Maine, 1706. He removed from Kittery, where he
was brought up, to Falmouth (now Portland),
Maine, in 1732. He became the proprietor in Fal-
mouth of Berry's shipyard and was evidently a ship-
wright by trade. He was major of the regiment of
that vicinity in the Indian fights that were frequent
during his younger days, and during the French
and Indian war in the fifties.

He married, January 11, 1726-27, Elizabeth Frink,
daughter of George and Rebecca (Skilling) Frink
(See Old Eliot genealogies). The children of
George and Elizabeth Berry were baptized at Kit-
tery, though some of them were born at Falmouth,
viz. : 1. George, born May 12, 1728, died young.

2. Joseph, born March 30, 1729, died young probably.

3. Elizabeth, born December 6, 1730. 4. George, born
April 8, 1732, married Sarah Stickney and they had
children — Deacon William, Levi, George (See his-
tory of Paris, page 510). 5. Lieutenant Thomas
B., see forward. 6. Joseph, born September 26,

1740. 7. Burdick, married Sally and had eight


(V) Lieutenant Thomas B. Berry, son of George
Berry (4), was born at Falmouth, Maine, in 1745.
He was an officer in the revolution and late in
life drew a pension of twenty dollars a month from
the government. He was elected adjutant of Colonel
Jacob French's regiment of Bristol and Cumber-
land counties, and he took part in the siege of Bos-
ton. He was stationed on Walnut Hill. Later in
the year 1776 he was lieutenant in Captain Richard
Mayberry's company of Colonel Ebenezer Francis's
regiment. He resided at Brunswick and Portland,
Maine, and at Rockland, where he died January 27,
1828, at the age of eighty-three years. He mar-
ried at Brunswick, Maine, August 15, 1773, Abigail



Coombs, and their children, all born at Portland,
Maine, were: I. Samuel, born May 4, 1774. See
forward. 2. Lydia, born August 14, 1776. 3. Joshua,
born March 4, 1779, married Fannie Coombs, lived
and died in Portland. 4. Thomas, Jr., born May

26, 1781, married Burgess, lived and died

in Brunswick, Maine. 5. George, born August 14,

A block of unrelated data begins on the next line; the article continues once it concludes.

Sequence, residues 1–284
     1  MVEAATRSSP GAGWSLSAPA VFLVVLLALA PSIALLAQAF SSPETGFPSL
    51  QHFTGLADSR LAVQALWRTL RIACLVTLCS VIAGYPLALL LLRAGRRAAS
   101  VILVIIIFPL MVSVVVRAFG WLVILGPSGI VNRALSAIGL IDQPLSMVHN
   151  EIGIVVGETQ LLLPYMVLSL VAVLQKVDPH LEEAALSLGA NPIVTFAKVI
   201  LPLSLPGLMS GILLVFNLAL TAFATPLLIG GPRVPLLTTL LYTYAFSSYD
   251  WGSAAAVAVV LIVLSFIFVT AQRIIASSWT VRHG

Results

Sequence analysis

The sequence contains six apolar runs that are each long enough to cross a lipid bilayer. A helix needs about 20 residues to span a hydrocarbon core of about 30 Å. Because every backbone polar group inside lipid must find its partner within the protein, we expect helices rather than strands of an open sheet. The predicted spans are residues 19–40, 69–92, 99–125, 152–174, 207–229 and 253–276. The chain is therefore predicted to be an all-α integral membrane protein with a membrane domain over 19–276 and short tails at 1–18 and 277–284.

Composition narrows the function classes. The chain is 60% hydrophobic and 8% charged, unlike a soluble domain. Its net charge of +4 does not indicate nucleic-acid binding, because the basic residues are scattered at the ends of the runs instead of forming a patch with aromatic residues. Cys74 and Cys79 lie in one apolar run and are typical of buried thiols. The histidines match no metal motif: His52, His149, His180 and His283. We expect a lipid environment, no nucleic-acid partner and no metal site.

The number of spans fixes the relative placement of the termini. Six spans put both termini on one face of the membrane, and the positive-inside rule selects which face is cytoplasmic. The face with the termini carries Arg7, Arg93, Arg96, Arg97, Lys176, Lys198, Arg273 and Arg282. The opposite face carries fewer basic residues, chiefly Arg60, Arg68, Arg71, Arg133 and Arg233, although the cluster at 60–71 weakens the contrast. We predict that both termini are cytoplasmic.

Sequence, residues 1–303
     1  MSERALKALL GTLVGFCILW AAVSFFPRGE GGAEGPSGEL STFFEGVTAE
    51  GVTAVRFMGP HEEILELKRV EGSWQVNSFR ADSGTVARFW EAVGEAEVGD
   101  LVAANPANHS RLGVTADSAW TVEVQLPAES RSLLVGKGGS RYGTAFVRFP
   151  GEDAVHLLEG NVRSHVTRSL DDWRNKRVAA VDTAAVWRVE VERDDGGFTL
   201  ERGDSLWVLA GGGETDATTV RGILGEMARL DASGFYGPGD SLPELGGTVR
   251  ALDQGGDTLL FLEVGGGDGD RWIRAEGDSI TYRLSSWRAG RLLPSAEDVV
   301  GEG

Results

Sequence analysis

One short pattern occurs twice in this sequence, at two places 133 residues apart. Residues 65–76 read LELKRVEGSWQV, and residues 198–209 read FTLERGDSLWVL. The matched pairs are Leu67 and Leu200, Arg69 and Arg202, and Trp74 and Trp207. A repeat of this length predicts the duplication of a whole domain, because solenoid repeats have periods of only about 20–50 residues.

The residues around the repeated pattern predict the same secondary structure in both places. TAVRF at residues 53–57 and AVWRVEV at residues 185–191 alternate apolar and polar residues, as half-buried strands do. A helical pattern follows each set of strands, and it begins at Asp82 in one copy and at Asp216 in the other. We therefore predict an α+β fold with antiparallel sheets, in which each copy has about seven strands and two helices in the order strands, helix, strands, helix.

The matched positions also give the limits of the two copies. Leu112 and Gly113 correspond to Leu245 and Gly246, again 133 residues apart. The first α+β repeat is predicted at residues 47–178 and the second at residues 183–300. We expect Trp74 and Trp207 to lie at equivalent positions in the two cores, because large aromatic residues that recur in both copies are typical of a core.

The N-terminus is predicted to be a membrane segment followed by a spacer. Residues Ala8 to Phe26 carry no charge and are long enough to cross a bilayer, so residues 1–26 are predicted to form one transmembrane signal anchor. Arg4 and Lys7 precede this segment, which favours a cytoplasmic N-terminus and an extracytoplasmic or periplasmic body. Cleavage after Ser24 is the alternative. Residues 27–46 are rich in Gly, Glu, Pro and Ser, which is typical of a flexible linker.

1783, named for his grandfather Berry, lived and died
at Topsham, Maine, leaving a large family. 6. Abi-
gail, born April 26, 1785, married Josiah Haskell,
settled in Rockland, Maine, died November I, 1853.
7. Jeremiah, born September 8, 1787, removed from
Falmouth to Thomaston, Maine, in 1812 ; married
Frances A. Gregory, April 27, 1815; settled at Rock-
land ; was a mason, inn keeper, and successful busi-
ness man; died March 11, 1857, at the age of sev-
enty, leaving four .sons and one daughter. He was
a soldier of the war of 1812. 8. Joseph, born Sep-
tember 20, 1789, married (first) Abigail Coombs,
March 12, 1815; (second), jane Ann Creamer, De-
cember, 1845 ; resided at Thomaston, a mason by
-trade; died May 29, 1845, aged sixty-six. 9. Betsey,
born 1791. 10. Benjamin, born May II, 1796, married
at Brunswick, Dolly Murray, December 21, 1820;
died at Rockland, Maine, June 27, 1856.

(VI) Samuel Berry, son of Lieutenant Thomas
Berry (5), was born at Portland (Falmouth),
Maine, May 4, 1774. He was an active, good-na-
tured, brave and energetic man, a mason by trade.
He died at Georgetown, May 18, 185 1, aged seventy-
seven years. He married (first) Mary (Polly)
Gould; (second) Miss Hubbard, of Massa-
chusetts, who died September 26, 1818; (third)
Hannah Small, of Phippsburg, daughter of Samuel
Small, a soldier of the revolutionary war ; and
(fourth) Miss Oliver. The children of Samuel
and Mary (Gould) Berry were: 1. Captain Sam-
uel, Jr., born July 4, 1799, married Hannah B.